Johannesburg - As verbal stoushes go, it was hardly Floyd “Money” Mayweather against Conor “The Notorious” McGregor, but it still made for compelling reading – all 280 characters of it.
In the blue corner, Wallabies fullback Israel “Izzy” Folau – a man who can step his opponent in a phone booth – managed to goose-step his way into a blind alley on Twitter by withholding his support for gay marriage in Australia this week.
Quick as a flash, David “Bamm-Bamm” Pocock – these days a full-time activist thanks to his status as a rugby player on sabbatical – fired back at his former team-mate (presumably from the pink corner) by reiterating his support for same-sex marriage.
Quite why the Aussies are having a referendum about what seems to be a no-brainer to the rest of us – that gay people shouldn’t be spared what can at times be the inhuman right of their heterosexual counterparts – is a story for another day.
But the two Wallabies have struggle credentials when it comes to their views on homosexuality.
While Folau – a devout Christian reportedly raised as a Mormon – condemned homophobia two years ago, it would appear he draws the line when homosexuality encroaches on the sanctity of marriage on religious grounds.
Two years before that, Pocock – an expat who does extensive charity work in his native Zimbabwe and is a regular on the activist scene – had already gone one up on Folau by vowing not to marry his fiancée Emma Palandri until his gay friends got the right to do the same.
Given how the two shared their contrasting views on Twitter – Folau said his piece and Pocock disagreed by not mentioning him and reiterated his stand – this will probably not descend into a spat.
Both players are principled young men who used their platform to make a stand.
But the reaction to Folau having the courage of his convictions by not going the politically correct route (he made his feelings known the same week the Australian Rugby Union supported gay marriage), the reaction for and against him has raised a few questions.
These include why more South African players can’t be like that, and when exactly did sportsmen become our moral compass?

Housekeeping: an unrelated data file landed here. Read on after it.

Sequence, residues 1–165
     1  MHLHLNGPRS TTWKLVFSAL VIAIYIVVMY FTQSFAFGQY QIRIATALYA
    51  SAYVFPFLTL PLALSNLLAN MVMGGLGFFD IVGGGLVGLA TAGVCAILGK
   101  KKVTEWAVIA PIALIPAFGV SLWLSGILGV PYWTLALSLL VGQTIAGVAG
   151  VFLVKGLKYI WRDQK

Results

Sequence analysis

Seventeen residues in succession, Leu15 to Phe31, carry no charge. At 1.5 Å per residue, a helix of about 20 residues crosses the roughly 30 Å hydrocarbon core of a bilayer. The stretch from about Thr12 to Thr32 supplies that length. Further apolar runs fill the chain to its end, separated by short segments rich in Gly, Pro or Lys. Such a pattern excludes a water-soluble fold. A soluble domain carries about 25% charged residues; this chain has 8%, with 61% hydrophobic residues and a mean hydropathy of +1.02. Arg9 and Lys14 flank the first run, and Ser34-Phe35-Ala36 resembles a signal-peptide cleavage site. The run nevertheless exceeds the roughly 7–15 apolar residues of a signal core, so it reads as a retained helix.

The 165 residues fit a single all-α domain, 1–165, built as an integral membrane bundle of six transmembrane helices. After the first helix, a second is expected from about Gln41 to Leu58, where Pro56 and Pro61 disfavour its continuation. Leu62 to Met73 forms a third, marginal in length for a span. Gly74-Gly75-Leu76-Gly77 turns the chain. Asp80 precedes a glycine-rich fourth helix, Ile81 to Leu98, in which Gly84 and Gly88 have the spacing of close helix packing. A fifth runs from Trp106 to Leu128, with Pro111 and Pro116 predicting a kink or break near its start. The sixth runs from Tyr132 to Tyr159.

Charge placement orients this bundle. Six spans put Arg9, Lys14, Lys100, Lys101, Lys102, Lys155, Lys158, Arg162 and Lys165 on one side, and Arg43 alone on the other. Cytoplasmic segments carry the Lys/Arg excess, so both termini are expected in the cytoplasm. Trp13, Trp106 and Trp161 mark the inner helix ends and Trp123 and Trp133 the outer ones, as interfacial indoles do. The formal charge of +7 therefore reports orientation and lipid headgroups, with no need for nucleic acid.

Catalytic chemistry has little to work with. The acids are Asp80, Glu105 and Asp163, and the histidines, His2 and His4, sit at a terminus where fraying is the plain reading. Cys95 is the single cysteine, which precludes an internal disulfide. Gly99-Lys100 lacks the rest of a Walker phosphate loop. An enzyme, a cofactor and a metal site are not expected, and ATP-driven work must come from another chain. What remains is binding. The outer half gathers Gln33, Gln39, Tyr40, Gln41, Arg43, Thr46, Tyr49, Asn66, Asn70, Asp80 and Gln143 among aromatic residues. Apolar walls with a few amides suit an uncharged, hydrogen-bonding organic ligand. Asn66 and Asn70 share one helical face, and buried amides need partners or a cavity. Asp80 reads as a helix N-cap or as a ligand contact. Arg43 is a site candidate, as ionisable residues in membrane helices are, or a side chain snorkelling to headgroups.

Everyone loves freedom of speech – as long as the contentious statement being made is in line with their thinking.
It’s a bit like listening to someone prattle on about loving life and cursing the rough that comes with the smooth – we’re talking two sides of the same coin here.
While I disagree with him, Folau has as much right as Pocock to voice his views, regardless of how outdated they sound for one who is still so young.
I must admit to feeling a bit envious as I was reading the fallout after Folau’s comments – purely from the perspective of wondering why our players can’t be similarly outspoken.
As tricky as race, homosexuality, sexism and religion can be to discuss, it would be a welcome change if our players shared their feelings on those subjects as part of the national discourse, instead of feeding us platitudes like taking it game by bloody game.
How little our players have to say about the world around them reminds me of former West Ham striker Paolo Di Canio’s infamous put-down of bete noire Francesco Totti: “If you asked him about the Middle East, he’d probably think it’s a position on the pitch.”
That said, there is a fine line between wanting players to be more layered human beings and granting them the de facto status as our moral compasses simply because of the platform afforded to them by their ability to catch, pass and run better than the rest of us.
A lot of the disappointment directed at Folau suggested that people clearly saw him as a role model.
Even in this age of conceited 21-year-olds prattling on about inspiring others and leaving legacies, few athletes set out to be anyone’s role model, so it’s unfair to blame them when they fail to meet standards they didn’t hold themselves to anyway.
There’s nothing wrong with seeing sportsmen as a mere reflection of ourselves and no more.
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